In the Review section of the Weekend Australian (4-5 Aug, 07) there is an article about an English writer, Scarlett Thomas, who writes what seems to be spec fiction with an experimental edge. She talks about receiving a letter from Phillip Pullman (of Dark Materials) which questioned why she was writing in the present tense, like "many young novelists".
To quote, Thomas said: "I wrote back and said the problem with narrating in the past tense is that you get a sense of somebody sitting comfortably in a rocking chair at the end of the narrative saying, 'Let me tell you a story'. You know, everyone's fine and they survived. There's a sense of a kind of after narrative, but I wanted a sense that there might not be an after. You're there in the present and everything could crumble at any moment."
Pullman responded again and said: "OK, I take your point about the rocking chair, but the present tense is like having the narrator talk breathlessly into a tape recorder while they're doing everything that they're doing..."
The article doesn't say if they agreed to disagree! But it does show that everyone has different ideas about past or present tense - I guess the main thing is to know why you're using one or the other, and be consistent. I see a lot of student work where the writer slips from past to present and vice versa, and doesn't realise they're doing it. We (as in teachers, two of whom teach editing where I work) talked about this the other day. You can teach how to use verbs, how to form each of the tenses, and practice them in sentences in class, then test correct usage. But that is doing it in isolation - how do you teach someone to recognise "slippage", or even to understand the effects of past or present tense on how the story is told, its tone, style or flow?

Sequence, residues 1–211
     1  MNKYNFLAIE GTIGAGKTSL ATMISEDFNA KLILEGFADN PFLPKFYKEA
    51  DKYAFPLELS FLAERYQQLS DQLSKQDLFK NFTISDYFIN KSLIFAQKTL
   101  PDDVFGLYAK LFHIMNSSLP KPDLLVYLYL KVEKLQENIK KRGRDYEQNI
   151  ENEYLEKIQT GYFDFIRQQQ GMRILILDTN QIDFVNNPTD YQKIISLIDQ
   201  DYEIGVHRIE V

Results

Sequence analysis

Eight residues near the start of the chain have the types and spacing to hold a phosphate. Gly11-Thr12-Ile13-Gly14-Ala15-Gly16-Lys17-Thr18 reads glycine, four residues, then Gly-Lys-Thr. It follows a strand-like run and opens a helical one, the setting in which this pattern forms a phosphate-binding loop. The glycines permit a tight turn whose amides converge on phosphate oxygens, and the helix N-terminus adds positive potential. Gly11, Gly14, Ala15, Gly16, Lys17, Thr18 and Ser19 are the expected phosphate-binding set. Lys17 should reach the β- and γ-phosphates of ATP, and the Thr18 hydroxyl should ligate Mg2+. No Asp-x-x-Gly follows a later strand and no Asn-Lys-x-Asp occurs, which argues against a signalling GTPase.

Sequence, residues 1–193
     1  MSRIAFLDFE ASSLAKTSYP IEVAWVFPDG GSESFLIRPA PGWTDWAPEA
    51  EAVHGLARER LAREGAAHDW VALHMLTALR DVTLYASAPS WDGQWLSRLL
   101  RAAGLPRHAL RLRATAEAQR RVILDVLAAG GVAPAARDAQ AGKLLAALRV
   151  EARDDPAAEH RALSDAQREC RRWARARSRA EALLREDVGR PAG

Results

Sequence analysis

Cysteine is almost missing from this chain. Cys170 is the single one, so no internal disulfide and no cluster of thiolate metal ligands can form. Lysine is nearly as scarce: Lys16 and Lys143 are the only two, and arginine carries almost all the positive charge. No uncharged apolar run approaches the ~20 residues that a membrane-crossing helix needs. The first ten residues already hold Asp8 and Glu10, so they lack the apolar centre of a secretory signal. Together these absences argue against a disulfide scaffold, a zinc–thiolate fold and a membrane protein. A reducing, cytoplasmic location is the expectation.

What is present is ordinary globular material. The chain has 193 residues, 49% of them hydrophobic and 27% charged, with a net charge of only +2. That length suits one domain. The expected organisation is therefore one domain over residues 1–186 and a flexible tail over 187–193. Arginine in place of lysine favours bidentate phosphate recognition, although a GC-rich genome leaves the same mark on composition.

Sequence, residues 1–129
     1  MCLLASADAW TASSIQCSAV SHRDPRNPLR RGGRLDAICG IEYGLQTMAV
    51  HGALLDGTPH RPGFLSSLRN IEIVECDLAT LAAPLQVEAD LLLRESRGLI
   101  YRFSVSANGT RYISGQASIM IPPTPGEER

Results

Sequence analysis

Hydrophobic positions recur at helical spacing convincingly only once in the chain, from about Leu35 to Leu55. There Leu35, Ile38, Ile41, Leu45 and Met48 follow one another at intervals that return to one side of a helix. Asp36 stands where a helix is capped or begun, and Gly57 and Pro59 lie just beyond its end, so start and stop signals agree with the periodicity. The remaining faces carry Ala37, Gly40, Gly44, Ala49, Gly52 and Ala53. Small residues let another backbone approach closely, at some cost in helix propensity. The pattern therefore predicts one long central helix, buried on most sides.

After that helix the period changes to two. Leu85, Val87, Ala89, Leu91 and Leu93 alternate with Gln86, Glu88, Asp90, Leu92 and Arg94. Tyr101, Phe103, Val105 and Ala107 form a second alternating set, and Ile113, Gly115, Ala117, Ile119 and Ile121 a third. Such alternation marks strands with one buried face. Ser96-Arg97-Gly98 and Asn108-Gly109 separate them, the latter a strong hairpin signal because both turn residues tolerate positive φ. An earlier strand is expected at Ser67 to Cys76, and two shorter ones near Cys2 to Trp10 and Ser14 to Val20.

I think that, after you've done the classroom stuff, you have to read and see it in action. It always astounds me how few books many of our writing students read, and its one thing I try to weave into the classes throughout the year, especially in areas like children's and YA novels. If you want to write the things, surely you should be reading lots of what is out there at the moment? But also I try to get students to read like writers - to think about language and character and dialogue and all those other things that make up a story - enjoy the story first but then go back and read again to learn.
At the moment, I'm reading a few Jacqueline Wilson books. She has been out here recently for a short tour and I missed seeing her at the Reading Matters conference. She is hugely popular in the UK, and becoming more so overseas, so I thought I would read several books and think about what she is doing. (I read The Illustrated Mum a couple of years ago and didn't like it, but my writer's curiosity has sent me back.) I was quite surprised at the amount of what some editors would label telling. Yesterday I finished The Suitcase Kid, today I'm reading Dustbin Baby, and it's interesting how strongly these two books rely on a narrator to simply tell a story. There is plenty of action, but there is also a lot of the narrator's voice explaining. I'll read on, and think more about this, and how it works.